With his fundraising goal achieved, Griffin went off to California and Thailand for a few months and returned with a fun and fresh half-hour film that uncovers the history and cultural phenomenon behind Sriracha. It would have been easy for Griffin to lose the initial momentum he’d gained from crowdfunding, but instead, he kept the buzz going by posting frequent social media updates throughout his filming.
Griffin was determined to get his film in front of fans as soon as it was finished — this was a key part of his word-of-mouth strategy. Griffin first opted to release his film on Vimeo On Demand because it allowed him to embed the film trailer on his Tumblr site and Facebook page and sell it directly to viewers directly within the Vimeo player. He also used Vimeo On Demand to give his Kickstarter backers access to the film, so they would watch the film, then share the Vimeo page with their friends.
#5. Get personal — writers are people, too!
Griffin wanted to reignite the word-of-mouth and press momentum he had experienced while making the film, so he wrote personalized letters to each of the writers who had covered the film previously. He commented on things like their individual writing style or sense of humor, and shared his film's release date with each of them. He never hired a publicist, nor did he send a single press release.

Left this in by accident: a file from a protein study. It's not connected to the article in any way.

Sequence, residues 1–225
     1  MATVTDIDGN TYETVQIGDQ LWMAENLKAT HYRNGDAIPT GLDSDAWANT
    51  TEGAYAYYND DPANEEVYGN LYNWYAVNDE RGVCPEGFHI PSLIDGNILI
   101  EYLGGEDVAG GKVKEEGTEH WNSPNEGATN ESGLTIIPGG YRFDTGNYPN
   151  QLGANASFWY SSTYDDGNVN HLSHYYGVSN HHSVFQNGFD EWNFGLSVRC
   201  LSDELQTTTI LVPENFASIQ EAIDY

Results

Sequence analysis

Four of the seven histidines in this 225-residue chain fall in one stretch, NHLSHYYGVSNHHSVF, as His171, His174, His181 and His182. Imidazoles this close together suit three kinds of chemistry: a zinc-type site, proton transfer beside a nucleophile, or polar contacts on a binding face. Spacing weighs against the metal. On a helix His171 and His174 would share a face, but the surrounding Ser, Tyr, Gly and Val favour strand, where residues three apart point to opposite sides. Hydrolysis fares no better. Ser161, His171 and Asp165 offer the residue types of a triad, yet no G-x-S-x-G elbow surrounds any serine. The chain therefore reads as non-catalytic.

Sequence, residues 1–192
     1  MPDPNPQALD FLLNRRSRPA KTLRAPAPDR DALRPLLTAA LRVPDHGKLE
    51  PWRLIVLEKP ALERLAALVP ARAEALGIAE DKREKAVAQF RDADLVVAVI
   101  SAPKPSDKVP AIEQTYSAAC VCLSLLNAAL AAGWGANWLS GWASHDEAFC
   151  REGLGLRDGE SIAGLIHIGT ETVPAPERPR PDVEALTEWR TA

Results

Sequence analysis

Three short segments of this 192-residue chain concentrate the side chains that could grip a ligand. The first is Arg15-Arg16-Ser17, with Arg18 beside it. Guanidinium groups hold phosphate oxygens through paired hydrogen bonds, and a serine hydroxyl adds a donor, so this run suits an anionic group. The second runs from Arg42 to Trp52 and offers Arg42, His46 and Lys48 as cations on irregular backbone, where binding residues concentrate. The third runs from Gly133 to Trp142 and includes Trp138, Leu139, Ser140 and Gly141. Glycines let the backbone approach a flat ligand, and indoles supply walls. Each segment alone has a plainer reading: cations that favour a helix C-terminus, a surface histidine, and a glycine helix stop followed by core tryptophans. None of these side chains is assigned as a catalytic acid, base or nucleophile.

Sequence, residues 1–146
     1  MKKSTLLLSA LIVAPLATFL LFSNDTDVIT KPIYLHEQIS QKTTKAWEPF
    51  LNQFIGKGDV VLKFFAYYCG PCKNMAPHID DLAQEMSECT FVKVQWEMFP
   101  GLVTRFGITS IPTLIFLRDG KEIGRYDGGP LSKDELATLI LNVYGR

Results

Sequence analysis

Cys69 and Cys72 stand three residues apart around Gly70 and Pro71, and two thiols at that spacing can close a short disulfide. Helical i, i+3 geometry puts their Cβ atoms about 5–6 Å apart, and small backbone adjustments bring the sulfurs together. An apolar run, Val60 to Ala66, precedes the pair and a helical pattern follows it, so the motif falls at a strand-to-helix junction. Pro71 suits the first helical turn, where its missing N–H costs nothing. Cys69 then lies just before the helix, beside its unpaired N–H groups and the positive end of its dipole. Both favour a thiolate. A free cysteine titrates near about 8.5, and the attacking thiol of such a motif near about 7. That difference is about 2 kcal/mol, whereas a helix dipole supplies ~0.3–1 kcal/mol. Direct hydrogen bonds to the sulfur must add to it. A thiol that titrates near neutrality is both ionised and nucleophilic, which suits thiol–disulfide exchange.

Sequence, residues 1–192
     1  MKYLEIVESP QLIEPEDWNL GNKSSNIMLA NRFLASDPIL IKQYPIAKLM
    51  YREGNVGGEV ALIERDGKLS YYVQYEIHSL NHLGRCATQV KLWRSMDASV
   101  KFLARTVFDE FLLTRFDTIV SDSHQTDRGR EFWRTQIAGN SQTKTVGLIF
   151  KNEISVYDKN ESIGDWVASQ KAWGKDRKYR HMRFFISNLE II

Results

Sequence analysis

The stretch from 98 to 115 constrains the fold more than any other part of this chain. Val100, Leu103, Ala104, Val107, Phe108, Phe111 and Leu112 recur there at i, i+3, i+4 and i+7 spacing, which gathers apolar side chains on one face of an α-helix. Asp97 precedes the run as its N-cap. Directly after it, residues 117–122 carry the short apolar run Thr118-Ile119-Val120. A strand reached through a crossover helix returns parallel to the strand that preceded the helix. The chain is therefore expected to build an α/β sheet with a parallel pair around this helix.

When Griffin published the film on Vimeo On Demand, a number of the publications that covered it before (LA times, Huffington Post, SF Gate, Daily News) embedded the trailer (which includes a simple “Buy” button) in new articles and the chain of discovery started all over again. This time, even an NPR writer found about the film and wrote a piece. This article became the most widely shared story about the film.
Over the next few months, Sriracha made it into lists of top food documentaries and other articles in mic.com, relish, Cool Material, Foodporn, and many more. All of these sites embedded his trailer, which allowed readers to purchase the film without leaving the article they were reading.
#6. Don’t forget what made you great
With a successful launch and sales coming in, Griffin wanted to ensure he could keep the heat on and sustain his film's momentum. He was submitting (and getting accepted) to film festivals, but he focused his efforts on what made him successful in the first place — giving the Internet what it wants.
Griffin created a series of animated GIFs using clips from the film to illustrate "These GIFs Show How Sriracha Sauce Is Made." This meme-friendly approach appealed to a writer at Business Insider, who published the images in a write-up about the film. The cool factor of these animations quickly spread to imgur and then reddit, bringing the Sriracha film to huge audiences in a very short amount of time.
And he lived happily ever after
Overall, Griffin's strategy for releasing Sriracha is a great example of how filmmakers can encourage word-of-mouth discovery and sharing without hiring a PR agency. The vast majority of sales he made were thanks to these DIY press efforts. To read more of Griffin’s saucy story, check out the article he wrote for Videomaker magazine.
And for more tips and best practices to help you sell your work, visit the Vimeo On Demand Selling Handbook, a handy resource for selling video online.